UO Law prof Ofer Raban, on the Oregonian Op-Ed page, identifying a series of problems with the investigation report commissioned by the UO general counsel’s office from Edwin A. Harnden & Shayda Z. Le of Barran Liebman, LLP, one of several firms specializing in representing employers in legal disputes that UO currently has on retainer. Here’s part of Raban’s Op-Ed:
Last week, the University of Oregon released and officially adopted a legal report regarding a law professor who donned a Halloween costume representing an African-American doctor. University leaders suspended the professor and commissioned the report from a Portland law firm, which worked under the “direction and guidance” of university lawyers.
The report recognized that the professor, who has a history of advocacy for minority rights, donned the costume at a party at her home in order to honor an African-American author and call attention to the scarcity of African-Americans in medical schools. The report also noted that she was genuinely shocked and surprised at the negative reactions to her costume, and promptly apologized.
But the report concluded that the costume constituted racial discrimination and harassment in violation of university rules. It goes on to claim that the professor’s expression is not shielded by university rules protecting free speech and academic freedom, nor by the Constitution’s freedom of speech.
This is a deeply flawed report, and the university has made a legal and moral mistake in adopting it.
Most astonishingly, the report fails to address the issue that makes this case so legally fraught: namely, that the costume was worn to advocate for racial equality. While the report concedes that important fact, its legal analysis fails to take it into account. For all we know, the analysis would have been the same if the professor had donned the costume at a Ku Klux Klan rally. Moreover, the report not only concludes that a costume intended to advocate for racial equality constitutes racial discrimination, but also makes no attempt to justify this counterintuitive conclusion. Whatever one thinks of that question, the failure to address it is preposterous.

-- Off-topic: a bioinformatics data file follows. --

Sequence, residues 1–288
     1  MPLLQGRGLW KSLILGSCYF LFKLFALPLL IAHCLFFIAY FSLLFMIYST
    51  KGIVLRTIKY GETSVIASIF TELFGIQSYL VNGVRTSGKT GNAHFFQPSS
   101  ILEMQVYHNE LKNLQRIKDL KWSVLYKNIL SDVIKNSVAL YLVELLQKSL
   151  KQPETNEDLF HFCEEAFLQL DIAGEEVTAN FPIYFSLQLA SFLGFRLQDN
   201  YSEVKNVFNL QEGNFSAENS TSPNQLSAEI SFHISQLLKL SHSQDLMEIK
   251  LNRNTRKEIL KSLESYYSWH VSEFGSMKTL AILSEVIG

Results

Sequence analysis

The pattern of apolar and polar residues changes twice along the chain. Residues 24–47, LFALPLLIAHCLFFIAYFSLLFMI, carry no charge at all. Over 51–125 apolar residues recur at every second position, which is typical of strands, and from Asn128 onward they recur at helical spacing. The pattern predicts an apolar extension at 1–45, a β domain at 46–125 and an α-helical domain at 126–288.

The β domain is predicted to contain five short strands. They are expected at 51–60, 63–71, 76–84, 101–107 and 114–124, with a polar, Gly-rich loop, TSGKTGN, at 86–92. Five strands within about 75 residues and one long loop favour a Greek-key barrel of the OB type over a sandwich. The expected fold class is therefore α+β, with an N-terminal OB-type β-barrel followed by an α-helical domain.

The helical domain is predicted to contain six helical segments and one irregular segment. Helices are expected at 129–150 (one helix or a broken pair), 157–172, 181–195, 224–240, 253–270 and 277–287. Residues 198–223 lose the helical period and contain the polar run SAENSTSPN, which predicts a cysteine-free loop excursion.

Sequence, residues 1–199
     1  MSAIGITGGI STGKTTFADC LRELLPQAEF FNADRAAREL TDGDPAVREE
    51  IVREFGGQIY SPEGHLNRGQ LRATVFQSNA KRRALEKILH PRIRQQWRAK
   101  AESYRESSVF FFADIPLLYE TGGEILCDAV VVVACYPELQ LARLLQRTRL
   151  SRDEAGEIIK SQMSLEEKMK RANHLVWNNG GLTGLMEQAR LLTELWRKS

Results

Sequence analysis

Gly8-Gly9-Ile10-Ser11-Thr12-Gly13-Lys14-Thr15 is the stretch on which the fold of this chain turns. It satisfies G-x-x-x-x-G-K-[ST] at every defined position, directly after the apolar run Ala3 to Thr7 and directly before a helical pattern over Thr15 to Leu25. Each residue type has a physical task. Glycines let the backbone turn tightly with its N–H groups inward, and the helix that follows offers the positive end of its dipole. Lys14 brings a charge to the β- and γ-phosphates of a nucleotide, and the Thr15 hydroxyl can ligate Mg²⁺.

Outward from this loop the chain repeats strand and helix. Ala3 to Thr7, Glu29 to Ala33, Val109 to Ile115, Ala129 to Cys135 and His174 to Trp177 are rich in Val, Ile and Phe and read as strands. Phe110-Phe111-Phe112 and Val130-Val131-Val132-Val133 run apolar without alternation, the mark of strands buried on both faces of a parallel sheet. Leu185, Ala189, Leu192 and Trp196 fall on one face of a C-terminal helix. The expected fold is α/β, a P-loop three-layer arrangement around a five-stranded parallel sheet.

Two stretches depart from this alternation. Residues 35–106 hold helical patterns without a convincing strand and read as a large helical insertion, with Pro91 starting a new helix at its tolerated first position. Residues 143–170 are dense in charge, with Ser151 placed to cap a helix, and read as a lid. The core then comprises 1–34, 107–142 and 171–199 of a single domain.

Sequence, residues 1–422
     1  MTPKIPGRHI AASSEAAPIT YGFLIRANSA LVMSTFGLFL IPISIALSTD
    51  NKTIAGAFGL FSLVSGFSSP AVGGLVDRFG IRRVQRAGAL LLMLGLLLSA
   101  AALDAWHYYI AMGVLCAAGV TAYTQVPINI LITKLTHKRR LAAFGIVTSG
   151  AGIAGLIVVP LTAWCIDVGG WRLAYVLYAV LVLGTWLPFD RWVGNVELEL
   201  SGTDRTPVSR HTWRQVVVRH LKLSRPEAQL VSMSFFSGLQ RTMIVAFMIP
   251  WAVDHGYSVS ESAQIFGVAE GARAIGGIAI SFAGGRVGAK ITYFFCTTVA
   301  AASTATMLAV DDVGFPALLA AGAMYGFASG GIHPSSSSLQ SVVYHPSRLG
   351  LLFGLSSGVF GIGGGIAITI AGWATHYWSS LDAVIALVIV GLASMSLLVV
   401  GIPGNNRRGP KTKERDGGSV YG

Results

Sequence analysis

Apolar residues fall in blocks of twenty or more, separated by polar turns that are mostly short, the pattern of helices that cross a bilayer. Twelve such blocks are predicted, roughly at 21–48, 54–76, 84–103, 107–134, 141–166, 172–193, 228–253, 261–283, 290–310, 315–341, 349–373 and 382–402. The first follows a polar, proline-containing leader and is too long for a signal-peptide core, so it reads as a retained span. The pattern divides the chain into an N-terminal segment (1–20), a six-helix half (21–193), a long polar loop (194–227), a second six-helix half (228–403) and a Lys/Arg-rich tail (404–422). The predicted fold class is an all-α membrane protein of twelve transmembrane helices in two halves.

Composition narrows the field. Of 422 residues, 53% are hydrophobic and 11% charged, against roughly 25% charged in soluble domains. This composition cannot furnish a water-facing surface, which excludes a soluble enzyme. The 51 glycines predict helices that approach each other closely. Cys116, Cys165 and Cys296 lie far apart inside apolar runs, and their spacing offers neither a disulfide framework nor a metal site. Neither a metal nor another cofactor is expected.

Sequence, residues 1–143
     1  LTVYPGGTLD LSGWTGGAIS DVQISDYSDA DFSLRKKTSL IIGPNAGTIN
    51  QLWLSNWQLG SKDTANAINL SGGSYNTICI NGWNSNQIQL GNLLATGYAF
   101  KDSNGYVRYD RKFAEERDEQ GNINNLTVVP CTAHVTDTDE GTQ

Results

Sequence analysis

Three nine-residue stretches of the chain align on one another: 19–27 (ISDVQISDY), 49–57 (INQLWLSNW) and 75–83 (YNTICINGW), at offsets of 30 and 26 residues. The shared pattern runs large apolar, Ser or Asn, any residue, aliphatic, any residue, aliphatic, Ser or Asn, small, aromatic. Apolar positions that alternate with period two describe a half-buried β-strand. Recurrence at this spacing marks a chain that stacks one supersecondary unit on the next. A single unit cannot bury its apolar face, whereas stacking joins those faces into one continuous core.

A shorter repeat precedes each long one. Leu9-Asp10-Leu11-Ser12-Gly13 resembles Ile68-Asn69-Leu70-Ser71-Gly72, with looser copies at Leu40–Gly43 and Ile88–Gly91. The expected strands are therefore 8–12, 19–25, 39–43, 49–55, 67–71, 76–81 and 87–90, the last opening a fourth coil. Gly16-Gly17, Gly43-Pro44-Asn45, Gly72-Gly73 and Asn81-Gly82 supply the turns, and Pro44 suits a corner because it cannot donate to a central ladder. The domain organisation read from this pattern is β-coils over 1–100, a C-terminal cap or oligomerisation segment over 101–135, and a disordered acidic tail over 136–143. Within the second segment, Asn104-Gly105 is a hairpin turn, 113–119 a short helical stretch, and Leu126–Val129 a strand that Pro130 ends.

As for the freedom of speech, the report recognizes that the professor’s expression regarded a matter of “public concern,” which the First Amendment guards with particular rigor. But it then concludes that the university’s interest in preventing disruption to its educational operations outweighs the professor’s rights of free speech and academic freedom.
In another bizarre omission, the report fails to mention or analyze the Oregon Constitution’s free speech provision, which Oregon courts ordinarily address even before the First Amendment since it provides greater free speech protections.
… Whatever the reason for administrators’ responses, let’s not forget what’s at stake in this sordid affair. According to the university, a professor is guilty of racial discrimination and harassment for donning a costume that sought to advocate for racial equality. And that act of political expression is not protected by the rights to free speech nor by academic freedom.
This is a sad day for the freedom of speech and expression at the University of Oregon.
Ofer Raban is a professor of law at the University of Oregon.